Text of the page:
Queen's expenditure falls by £1.8m in a year

 
The Queen The way the Queen receives funding from the government is set to change

Related Stories

The cost to taxpayers of funding the Queen's spending has dropped by £1.8m, Buckingham Palace says.

The Queen's official expenditure for 2010-11 dropped to £32.1m from £33.9m in the previous fiscal year.

The figures have not been calculated in the same way as in previous years because of planned changes to funding.

In the past, the monarch received money from three different government departments, but now funds will be tied to the revenue of the Crown Estate.

The Buckingham Palace figures include the cost of the Civil List paid to the monarch; the amount spent on maintenance of the royal palaces and the cost of most royal travel.

But the amount it costs the Queen to carry out official government duties such as the administration of the honours system, state visits to and by the Queen as well as the employment of orderlies and equerries, is excluded from the total as these costs are met directly by government departments and the Crown Estate.

The Crown Estate has a property portfolio which includes numerous buildings, business parks and land ownership.

It is worth £6.2bn and has an annual revenue of more than £200m.

The latest report shows the cost of the Queen's travel was £6m for the last financial year. In 2009-10, travel cost £5.4m.

Graph showing civil list expenditure

Property services fell from £15.4m to £11.9m while the Civil List, which pays for central staff costs and running expenses of the official household, fell from £14.2m to £13.7m.

The Sovereign Grant Bill, approved by MPs last week, will introduce a single grant given to the monarch based on 15% of the Crown Estate's revenue from two years previously.

Starting from 2013-14, this funding arrangement will last seven years before it is reviewed.

Currently the monarchy receives funding from three different areas: funds for the Civil List come from the Treasury; travel is paid via a grant from the Department for Transport; and the maintenance of royal palaces and communications, comes from the Department for Culture, Media and Sport's budget.

The budget for 2012 has already been set at £30m with an extra £1m for costs incurred for the diamond jubilee celebrations.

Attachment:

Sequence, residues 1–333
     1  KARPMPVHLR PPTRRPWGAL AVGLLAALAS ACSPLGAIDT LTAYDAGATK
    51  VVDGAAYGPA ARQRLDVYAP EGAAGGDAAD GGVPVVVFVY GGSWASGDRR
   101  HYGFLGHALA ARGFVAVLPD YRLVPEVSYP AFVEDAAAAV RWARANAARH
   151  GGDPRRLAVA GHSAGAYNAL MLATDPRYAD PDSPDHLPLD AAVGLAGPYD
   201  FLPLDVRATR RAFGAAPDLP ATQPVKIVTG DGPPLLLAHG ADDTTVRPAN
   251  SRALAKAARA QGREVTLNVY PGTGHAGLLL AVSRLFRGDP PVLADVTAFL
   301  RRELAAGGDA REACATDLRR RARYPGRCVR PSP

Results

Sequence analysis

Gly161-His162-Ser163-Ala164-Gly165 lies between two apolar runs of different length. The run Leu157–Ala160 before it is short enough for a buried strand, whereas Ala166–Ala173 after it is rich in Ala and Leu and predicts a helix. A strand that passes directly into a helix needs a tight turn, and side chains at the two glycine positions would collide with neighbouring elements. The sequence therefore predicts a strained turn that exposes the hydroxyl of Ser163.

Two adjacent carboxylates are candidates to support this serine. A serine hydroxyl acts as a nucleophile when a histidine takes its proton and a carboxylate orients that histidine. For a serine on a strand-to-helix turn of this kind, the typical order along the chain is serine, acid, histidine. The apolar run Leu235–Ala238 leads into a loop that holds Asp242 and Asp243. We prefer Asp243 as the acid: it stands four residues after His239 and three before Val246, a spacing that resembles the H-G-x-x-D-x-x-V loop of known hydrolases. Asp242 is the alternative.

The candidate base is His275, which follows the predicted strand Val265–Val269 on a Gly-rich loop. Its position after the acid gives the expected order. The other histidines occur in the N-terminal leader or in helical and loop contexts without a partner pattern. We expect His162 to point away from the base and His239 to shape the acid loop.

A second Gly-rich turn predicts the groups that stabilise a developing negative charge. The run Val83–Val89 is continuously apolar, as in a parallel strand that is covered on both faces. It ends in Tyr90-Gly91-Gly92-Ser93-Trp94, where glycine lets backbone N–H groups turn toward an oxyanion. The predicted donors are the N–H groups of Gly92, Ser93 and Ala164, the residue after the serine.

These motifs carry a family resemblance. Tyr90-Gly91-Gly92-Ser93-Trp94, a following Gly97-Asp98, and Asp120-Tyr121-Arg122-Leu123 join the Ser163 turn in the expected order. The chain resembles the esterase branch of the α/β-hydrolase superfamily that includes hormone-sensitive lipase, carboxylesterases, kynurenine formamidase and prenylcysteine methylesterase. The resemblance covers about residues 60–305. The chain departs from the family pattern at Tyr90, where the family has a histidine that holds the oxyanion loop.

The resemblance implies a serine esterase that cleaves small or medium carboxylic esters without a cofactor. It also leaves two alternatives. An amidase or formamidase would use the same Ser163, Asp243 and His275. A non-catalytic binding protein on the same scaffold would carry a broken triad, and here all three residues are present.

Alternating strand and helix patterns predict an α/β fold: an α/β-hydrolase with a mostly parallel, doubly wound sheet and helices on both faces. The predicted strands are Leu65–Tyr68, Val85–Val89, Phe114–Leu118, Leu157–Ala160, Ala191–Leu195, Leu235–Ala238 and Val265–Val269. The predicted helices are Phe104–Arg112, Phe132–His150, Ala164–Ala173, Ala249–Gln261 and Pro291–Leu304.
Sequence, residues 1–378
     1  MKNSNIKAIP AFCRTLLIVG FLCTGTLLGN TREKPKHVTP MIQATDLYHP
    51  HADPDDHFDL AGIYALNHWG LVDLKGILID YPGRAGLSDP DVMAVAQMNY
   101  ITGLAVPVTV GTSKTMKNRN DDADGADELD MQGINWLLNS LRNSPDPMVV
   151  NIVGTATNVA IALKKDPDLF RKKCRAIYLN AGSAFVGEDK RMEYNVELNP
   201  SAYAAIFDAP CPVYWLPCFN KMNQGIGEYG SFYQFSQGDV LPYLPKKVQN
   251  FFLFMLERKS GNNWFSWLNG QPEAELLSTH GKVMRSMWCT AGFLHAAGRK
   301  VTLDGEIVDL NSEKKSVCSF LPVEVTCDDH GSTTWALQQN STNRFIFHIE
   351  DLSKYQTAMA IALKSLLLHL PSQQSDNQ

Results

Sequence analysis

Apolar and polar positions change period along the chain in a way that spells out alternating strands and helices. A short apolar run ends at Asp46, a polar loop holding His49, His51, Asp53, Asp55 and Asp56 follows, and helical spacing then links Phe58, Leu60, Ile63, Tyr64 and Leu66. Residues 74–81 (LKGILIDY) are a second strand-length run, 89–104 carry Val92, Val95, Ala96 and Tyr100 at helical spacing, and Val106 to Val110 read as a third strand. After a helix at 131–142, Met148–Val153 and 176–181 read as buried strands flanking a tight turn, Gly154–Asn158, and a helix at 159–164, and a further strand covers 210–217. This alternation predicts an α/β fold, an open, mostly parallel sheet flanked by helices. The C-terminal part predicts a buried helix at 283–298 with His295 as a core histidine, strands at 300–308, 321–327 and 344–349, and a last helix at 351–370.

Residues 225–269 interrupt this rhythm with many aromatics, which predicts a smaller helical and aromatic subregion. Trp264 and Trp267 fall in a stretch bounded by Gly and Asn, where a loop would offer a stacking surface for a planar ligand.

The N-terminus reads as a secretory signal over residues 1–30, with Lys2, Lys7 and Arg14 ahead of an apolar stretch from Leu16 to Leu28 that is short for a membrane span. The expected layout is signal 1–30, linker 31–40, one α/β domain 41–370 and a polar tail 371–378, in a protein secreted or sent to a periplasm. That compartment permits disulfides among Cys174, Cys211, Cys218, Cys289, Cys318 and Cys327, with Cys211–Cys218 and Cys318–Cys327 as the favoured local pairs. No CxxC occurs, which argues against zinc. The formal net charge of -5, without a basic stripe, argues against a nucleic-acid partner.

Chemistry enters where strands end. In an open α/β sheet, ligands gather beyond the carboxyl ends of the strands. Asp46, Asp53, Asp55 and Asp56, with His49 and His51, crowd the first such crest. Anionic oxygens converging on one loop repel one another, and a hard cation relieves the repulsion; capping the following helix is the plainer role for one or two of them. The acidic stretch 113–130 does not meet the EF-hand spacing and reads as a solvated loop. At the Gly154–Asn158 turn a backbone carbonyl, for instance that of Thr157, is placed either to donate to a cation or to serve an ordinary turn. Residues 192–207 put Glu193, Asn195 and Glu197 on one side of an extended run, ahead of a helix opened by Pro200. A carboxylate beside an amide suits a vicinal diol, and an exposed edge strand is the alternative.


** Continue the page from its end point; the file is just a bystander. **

Sir Alan Reid, keeper of the privy purse, said: "The Queen is very keen that the royal household should continue to reduce its expenditure in line with public expenditure reductions.

"The decrease in expenditure is due mainly to increased income generation, the deferral of property maintenance expenditure and the implementation of a pay freeze.

"This pay freeze will continue on to this year."

He added that it would be "very difficult" for expenditure to reduce "very much further" without having an effect on the royal household's work to support the Queen and the long-term health of the estate.

Costs of journeys costing £10,000 or more

  • £356,253 for the Queen and Duke of Edinburgh to charter a flight to United Arab Emirates and Oman
  • £298,089 was spent on chartering a flight to India for the Prince of Wales and the Duchess of Cornwall's official visit
  • £121,810 for the Duke of York to charter a flight to Italy and central Asia as part of an official UK Trade and Investment and Foreign Office visit

Further cuts in funding will mean the budget for projects in the annual works programme is likely to be reduced from £4m in 2010-11 to around £3m in 2012-13, the report states.

The reduction means projects such as the extensive renewal of lead and slate roofs at Buckingham Palace and Windsor Castle will be scaled-back and the refurbishment of the state rooms at Buckingham Palace and Windsor Castle will not be undertaken.

Other projects affected include replacement of existing heating and electrical services at Buckingham Palace, with associated asbestos removal, which will now take 15 to 20 years to complete.

Anti-monarchy group Republic said Buckingham Palace should reveal the "true cost" of having a royal family.

Spokesperson Graham Smith said the monarchy cost over £200m each year and that proper scrutiny and honesty was "well overdue".

"The monarchy is hugely expensive, it wastes taxpayers' money every week, it is not properly accountable and it continues to demand more. This is not an issue that can be swept to one side by cheap spin and headlines," he said.

 

More on This Story

Related Stories

The BBC is not responsible for the content of external Internet sites

Comments

This entry is now closed for comments

Jump to comments pagination
 
 

Comments 5 of 142

 

More UK stories

RSS

Features & Analysis

Elsewhere on the BBC

  • MouseEscape the rat race

    Burnt out? Meet the workers who took more than a vacation - and changed their lives

Programmes

  • (File photo) A man dressed as Father Christmas with a sleigh and a reindeer Click Watch

    A website which tracks Father Christmas, plus other sites and apps to keep you entertained

BBC © 2014 The BBC is not responsible for the content of external sites. Read more.

This page is best viewed in an up-to-date web browser with style sheets (CSS) enabled. While you will be able to view the content of this page in your current browser, you will not be able to get the full visual experience. Please consider upgrading your browser software or enabling style sheets (CSS) if you are able to do so.